Obama’s Manufacturing Plan Isn’t New — Here’s How It’s Gone So Far

by Patrick Brennan

Yesterday at a speech in North Carolina, President Obama talked up his plan for special “manufacturing-innovation institutes” across the country as a way to revive American manufacturing and, hopefully along with it, American manufacturing jobs. Three of them are on track to open, and this specific idea, he introduced in last year’s State of the Union. He proudly proclaimed that his policies have produced an environment where ”our manufacturers have added 568,000 [jobs] over the past nearly four years, including 80,000 over the past five months.” Unfortunately, while this sounds impressive, it isn’t — by his own metrics.

During the 2012 campaign, the president released a nicely designed pamphlet laying out his economic plan for America, part of which was devoted to laying out his plan for manufacturing, which included . . . a plan to open 15 to 20 “manufacturing-innovation institutes.” (He hasn’t quite gotten to 15 or 20 of them, which might explain why the audacious promise he made about manufacturing jobs hasn’t panned out.)

Here’s what the White House projected, by smoothing out manufacturing-jobs growth from the preceding two years and simply drawing a line over the next four, creating by 2016 a total of 1.5 million new manufacturing jobs from the industry’s low point, 2010:

As you can imagine, this kind of policy-by-Paint hasn’t quite panned out. Checking in on his plan 15 months later, here’s what we’ve seen. The blue line is manufacturing-jobs data from October 2010, the curvy red line is the updated jobs data, and the straight red line is Obama’s election-year projection:

This gap may not look all that large, but it adds up to more than 300,000 jobs. The ambitious manufacturing plan Obama campaigned on was going to add 1 million jobs over six years — a period of time during which the American economy needs to create 9 or 10 million just to keep up with population growth — and it’s not even coming close to doing that. And yet he just tried to sell it to the American people again.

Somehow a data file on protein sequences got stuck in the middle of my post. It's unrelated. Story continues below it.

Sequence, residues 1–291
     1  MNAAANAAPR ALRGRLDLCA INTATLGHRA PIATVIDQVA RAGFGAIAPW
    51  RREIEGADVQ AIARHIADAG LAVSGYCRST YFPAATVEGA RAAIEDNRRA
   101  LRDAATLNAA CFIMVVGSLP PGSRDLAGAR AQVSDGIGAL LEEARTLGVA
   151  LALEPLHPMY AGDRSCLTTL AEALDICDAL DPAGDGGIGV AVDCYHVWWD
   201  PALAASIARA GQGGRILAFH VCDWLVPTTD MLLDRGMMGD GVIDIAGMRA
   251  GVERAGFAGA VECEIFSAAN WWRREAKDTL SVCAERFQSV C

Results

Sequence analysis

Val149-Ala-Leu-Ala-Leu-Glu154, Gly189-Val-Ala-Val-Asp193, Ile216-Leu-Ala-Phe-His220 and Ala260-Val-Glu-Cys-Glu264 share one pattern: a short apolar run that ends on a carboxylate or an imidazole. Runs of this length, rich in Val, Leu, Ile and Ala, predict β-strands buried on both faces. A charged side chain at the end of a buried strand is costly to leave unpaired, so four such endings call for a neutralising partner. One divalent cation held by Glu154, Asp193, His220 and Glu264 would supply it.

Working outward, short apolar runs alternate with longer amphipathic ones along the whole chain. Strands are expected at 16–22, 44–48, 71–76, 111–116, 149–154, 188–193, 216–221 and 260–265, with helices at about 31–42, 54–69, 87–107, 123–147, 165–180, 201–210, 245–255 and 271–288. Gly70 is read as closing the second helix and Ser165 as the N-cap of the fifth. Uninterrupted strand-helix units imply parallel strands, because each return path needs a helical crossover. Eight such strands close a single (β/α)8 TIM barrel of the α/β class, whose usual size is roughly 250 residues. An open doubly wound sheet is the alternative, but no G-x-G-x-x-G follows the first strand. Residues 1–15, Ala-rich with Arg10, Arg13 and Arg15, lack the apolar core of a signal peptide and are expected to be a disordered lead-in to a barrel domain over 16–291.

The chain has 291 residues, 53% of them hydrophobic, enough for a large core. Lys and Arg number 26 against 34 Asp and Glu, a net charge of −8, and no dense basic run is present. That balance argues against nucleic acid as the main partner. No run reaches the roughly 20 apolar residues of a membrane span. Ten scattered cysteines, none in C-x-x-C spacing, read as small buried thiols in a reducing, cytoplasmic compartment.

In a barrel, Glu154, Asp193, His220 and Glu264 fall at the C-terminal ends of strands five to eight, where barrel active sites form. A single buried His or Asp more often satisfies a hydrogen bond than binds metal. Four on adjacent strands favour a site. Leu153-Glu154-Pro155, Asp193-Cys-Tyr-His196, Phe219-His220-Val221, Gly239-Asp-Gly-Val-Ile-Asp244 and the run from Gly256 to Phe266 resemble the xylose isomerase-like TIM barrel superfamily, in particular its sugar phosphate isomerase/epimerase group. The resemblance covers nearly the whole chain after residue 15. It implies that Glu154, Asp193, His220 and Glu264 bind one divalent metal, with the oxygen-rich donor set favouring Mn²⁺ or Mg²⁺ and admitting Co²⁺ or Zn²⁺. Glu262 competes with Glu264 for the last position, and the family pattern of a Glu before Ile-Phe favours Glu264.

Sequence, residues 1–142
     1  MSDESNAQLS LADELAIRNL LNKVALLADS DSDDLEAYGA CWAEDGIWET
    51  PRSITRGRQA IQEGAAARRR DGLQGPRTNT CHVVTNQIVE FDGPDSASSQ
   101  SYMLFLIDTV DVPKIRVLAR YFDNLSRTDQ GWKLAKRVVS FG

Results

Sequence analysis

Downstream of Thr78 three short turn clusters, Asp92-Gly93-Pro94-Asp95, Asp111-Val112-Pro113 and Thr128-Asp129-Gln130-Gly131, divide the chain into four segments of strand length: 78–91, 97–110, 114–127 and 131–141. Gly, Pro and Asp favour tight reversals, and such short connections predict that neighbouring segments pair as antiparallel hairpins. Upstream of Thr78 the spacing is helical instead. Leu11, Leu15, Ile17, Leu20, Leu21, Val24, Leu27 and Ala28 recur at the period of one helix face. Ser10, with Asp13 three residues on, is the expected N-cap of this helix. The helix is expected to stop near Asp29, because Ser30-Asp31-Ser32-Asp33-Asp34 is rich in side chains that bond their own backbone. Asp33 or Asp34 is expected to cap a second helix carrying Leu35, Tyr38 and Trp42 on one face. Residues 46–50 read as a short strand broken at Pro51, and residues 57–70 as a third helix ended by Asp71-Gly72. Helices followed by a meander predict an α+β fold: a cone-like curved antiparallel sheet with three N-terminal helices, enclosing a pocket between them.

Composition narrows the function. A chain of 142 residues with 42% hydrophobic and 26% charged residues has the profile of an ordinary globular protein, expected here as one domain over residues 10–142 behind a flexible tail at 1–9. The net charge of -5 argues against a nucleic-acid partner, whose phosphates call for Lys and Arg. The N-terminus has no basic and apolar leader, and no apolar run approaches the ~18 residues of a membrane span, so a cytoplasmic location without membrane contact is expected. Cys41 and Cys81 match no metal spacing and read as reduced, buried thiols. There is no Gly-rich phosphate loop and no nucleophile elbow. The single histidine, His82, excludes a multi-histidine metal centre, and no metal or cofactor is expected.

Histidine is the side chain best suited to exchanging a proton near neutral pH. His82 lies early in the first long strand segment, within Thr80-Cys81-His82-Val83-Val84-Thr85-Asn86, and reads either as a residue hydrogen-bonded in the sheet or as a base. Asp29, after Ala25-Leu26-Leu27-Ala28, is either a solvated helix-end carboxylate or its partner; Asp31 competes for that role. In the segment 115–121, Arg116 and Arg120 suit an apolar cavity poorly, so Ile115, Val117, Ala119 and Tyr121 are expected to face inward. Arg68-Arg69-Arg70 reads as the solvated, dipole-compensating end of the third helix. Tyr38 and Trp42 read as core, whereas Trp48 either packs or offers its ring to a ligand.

His plan would return us to January 2009 levels of manufacturing employment, and it’s not even close to doing that. Moreover, as I explained back in 2012, the fact that we’ve even seen even this growth in manufacturing employment has something to do with the U.S.’s natural-gas boom, which the Obama administration has done nearly nothing to encourage. It’s made chemicals manufacturing and energy-intensive manufacturing of all types cheaper, while rising costs in China, Mexico, and elsewhere mean that some manufacturing is “re-shoring” and moving back to the U.S. But this hasn’t translated into serious jobs growth, because, it turns out, the fact that manufacturing used to create millions of jobs that paid Americans decent wages doesn’t mean it will ever do so again (no matter what lines the president’s able graphics staff draw on a chart). Like some of the president’s other favorite policies right now, such as the minimum wage, a manufacturing revival packs tremendous intuitive appeal, but little merit as a way to build a 21st-century economy with a strong middle class. Whether Republican politicians have done much better to offer such a strategy, though, is a reasonable question.

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